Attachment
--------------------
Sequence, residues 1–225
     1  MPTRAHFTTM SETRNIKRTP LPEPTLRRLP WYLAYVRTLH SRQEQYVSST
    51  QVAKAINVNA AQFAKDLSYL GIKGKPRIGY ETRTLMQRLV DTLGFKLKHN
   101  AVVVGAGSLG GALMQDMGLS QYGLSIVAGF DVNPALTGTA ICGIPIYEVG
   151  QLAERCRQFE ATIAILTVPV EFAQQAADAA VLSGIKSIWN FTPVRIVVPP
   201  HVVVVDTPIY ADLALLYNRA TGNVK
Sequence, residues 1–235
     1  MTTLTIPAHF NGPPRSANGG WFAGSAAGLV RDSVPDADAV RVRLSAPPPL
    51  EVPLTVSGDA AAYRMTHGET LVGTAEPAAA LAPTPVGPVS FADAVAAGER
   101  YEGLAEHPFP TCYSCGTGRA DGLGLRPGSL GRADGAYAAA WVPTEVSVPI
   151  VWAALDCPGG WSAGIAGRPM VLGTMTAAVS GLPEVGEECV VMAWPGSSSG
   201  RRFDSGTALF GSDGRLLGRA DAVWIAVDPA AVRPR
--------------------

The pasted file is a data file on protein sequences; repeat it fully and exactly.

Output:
Sequence, residues 1–225
     1  MPTRAHFTTM SETRNIKRTP LPEPTLRRLP WYLAYVRTLH SRQEQYVSST
    51  QVAKAINVNA AQFAKDLSYL GIKGKPRIGY ETRTLMQRLV DTLGFKLKHN
   101  AVVVGAGSLG GALMQDMGLS QYGLSIVAGF DVNPALTGTA ICGIPIYEVG
   151  QLAERCRQFE ATIAILTVPV EFAQQAADAA VLSGIKSIWN FTPVRIVVPP
   201  HVVVVDTPIY ADLALLYNRA TGNVK
Sequence, residues 1–235
     1  MTTLTIPAHF NGPPRSANGG WFAGSAAGLV RDSVPDADAV RVRLSAPPPL
    51  EVPLTVSGDA AAYRMTHGET LVGTAEPAAA LAPTPVGPVS FADAVAAGER
   101  YEGLAEHPFP TCYSCGTGRA DGLGLRPGSL GRADGAYAAA WVPTEVSVPI
   151  VWAALDCPGG WSAGIAGRPM VLGTMTAAVS GLPEVGEECV VMAWPGSSSG
   201  RRFDSGTALF GSDGRLLGRA DAVWIAVDPA AVRPR